Figure 2 shows the tracts for a sample subject on the left hemisphere, while figure 3 shows the left AF for the same subject as reconstructed from the automated procedure and the human raters. The kappa showed in general moderate agreement between the automated reconstructed tracts and the expert ones, with AF getting substantial agreement with one rater (fig.4). It must be noticed that in all the comparisons the agreement was greater or comparable to the inter-rater agreement. The Jaccard index showed similar results. The overlap between fMRI seeded and automated reconstructed tracts highlighted mainly good overlap between AF and all the tasks and scarce overlap with UF (fig.5).


The automated procedure reconstructed good quality tracts with few spurious streamlines. Compared to the human experts, the agreement differed between the raters, but showed higher values than the inter-rater comparison, indicating it finds a good middle ground between different human raters. When compared to previous work2, the overlap in terms of Jaccard index showed comparable or higher values than the ones reported in Garyfallidis and colleagues2. In terms of functional overlap, the VF task activated the inferior and middle frontal gyrus5, and we consistently observed a predominant overlap with AF. PN and AN tasks respectively activated superior and middle temporal gyri4, and as a consequence the related tracts overlap in different ways with IFOF, ILF and AF. The UF was not involved in the tasks and accordingly it scarcely overlaps.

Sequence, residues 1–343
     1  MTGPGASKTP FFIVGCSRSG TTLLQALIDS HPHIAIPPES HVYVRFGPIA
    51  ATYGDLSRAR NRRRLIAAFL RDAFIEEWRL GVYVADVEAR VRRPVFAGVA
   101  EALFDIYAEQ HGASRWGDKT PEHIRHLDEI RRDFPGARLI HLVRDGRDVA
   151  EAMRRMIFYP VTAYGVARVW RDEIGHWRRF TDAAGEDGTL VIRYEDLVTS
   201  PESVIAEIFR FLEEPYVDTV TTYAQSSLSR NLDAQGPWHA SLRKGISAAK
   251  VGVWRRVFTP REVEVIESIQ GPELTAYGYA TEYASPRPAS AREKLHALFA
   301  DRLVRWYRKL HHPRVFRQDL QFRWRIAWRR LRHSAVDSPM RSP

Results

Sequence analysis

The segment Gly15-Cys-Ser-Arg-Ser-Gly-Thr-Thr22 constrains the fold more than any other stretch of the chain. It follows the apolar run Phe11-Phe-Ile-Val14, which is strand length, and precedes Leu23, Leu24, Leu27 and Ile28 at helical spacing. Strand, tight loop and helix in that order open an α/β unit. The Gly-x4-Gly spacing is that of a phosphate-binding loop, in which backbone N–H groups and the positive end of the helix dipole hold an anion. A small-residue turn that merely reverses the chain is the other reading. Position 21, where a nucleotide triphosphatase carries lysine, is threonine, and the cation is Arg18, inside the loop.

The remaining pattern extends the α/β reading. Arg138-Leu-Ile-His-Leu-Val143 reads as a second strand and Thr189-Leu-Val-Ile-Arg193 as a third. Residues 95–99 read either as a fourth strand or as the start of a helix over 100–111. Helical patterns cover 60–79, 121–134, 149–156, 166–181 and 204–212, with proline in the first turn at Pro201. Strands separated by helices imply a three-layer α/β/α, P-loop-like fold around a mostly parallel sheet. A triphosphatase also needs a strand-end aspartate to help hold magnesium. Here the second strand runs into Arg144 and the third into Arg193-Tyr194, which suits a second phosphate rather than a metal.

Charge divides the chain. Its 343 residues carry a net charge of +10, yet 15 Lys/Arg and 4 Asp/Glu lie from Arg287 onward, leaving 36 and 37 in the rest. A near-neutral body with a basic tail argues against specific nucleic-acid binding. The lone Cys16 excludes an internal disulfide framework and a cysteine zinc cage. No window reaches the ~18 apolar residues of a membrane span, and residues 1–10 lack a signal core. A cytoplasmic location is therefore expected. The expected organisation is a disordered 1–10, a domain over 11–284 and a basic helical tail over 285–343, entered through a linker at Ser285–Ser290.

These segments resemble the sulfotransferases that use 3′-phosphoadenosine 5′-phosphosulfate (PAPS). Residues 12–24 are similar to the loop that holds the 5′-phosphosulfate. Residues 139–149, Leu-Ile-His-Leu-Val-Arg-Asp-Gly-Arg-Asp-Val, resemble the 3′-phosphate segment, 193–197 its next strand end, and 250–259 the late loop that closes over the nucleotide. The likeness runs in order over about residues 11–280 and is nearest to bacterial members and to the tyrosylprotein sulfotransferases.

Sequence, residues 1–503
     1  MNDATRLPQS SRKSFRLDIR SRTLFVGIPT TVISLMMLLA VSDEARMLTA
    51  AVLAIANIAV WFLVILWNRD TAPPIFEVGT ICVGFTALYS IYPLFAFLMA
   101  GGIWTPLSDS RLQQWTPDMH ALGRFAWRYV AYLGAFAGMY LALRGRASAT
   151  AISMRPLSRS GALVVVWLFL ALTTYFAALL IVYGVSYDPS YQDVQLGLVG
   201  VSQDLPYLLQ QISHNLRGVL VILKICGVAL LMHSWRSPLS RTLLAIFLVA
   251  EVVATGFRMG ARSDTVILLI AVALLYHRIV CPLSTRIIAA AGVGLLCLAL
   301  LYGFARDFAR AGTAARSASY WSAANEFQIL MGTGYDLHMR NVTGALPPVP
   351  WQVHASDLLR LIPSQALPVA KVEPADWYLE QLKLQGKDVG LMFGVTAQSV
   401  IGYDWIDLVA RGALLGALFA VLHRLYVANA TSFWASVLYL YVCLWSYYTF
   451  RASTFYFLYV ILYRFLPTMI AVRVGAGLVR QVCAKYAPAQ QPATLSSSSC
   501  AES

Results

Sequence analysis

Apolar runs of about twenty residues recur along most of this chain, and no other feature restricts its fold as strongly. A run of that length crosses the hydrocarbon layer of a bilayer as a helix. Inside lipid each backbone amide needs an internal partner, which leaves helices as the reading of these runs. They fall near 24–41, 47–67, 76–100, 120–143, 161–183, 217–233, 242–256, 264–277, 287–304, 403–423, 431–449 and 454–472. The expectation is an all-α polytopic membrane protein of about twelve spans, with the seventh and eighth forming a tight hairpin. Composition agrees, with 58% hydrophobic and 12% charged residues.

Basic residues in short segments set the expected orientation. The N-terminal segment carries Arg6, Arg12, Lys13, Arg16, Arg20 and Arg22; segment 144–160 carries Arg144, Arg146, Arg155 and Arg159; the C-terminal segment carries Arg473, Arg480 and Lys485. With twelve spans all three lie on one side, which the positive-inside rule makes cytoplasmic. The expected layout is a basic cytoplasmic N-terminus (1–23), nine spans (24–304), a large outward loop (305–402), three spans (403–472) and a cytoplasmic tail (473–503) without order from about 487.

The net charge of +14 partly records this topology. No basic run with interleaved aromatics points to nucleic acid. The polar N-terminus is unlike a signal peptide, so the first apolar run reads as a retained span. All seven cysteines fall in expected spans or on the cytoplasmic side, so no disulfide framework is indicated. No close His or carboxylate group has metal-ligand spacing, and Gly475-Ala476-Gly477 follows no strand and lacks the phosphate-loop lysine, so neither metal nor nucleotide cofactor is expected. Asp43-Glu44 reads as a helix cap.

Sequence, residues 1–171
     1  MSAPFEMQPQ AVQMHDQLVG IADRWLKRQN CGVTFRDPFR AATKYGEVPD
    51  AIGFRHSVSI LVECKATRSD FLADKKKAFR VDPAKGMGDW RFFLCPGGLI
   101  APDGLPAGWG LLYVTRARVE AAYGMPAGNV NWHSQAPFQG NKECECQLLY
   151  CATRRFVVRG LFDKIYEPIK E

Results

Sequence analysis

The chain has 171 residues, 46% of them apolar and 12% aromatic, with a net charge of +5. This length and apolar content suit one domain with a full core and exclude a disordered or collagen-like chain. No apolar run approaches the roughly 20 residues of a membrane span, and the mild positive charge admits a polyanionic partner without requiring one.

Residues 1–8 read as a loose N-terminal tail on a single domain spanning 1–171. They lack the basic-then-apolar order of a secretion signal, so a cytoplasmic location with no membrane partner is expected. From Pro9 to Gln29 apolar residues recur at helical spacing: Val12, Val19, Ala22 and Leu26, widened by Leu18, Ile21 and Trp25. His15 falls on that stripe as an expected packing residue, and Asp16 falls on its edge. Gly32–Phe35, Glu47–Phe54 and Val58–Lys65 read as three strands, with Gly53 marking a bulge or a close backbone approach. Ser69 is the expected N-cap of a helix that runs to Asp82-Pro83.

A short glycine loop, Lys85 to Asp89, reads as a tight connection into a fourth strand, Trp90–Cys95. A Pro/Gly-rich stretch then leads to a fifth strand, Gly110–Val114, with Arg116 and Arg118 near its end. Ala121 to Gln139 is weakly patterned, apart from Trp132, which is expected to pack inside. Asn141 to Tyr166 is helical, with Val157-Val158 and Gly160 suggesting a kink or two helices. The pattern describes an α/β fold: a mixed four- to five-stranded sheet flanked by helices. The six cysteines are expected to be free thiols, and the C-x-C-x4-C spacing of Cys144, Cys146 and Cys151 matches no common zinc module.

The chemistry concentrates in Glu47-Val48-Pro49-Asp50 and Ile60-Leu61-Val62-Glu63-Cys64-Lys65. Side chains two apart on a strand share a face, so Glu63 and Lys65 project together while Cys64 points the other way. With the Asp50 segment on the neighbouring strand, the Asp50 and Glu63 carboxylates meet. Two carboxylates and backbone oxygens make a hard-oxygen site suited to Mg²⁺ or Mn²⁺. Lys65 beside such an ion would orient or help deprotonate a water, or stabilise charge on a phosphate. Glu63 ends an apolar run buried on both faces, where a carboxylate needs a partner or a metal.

We proposed an anatomy-constrained method for reconstructing fiber tracts that does not require an expert eye. We observed results comparable to human ones and functionally meaningful.


We are grateful to the Wolfson Foundation and Epilepsy Society for supporting the Epilepsy Society MRI scanner. This work was supported by the Wellcome/EPSRC (203145Z/16/Z), NIHR BRC UCLH/UCL High Impact Initiative, MRC (MR/M00841X/1), and Health Innovation Challenge Fund (WT106882). KT was supported by a 1-year fellowship each by the European Academy of Neurology and the Austrian Society of Neurology.


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Figure 1: Scheme of the pipeline for the fiber tract automated reconstruction.

Figure 2: Arcuate fasciculus (red), inferior fronto-occipital fasciculus (orange), inferior longitudinal fasciculus (green) and uncinate fasciculus (yellow) automatically reconstructed for a sample subject.

Figure 3: Comparison of the arcuate fasciculus reconstruction for a sample subject between the automated procedure (AU) and the human raters (H1, H2)

Figure 4: Cohen's kappa and Jaccard index for the comparisons between the automated procedure and the human raters.

Figure 5: Jaccard index for assessing the overlap between the automatically reconstructed tracts and the streamlines obtained seeding the fMRI activation points for the three tasks.

Proc. Intl. Soc. Mag. Reson. Med. 26 (2018)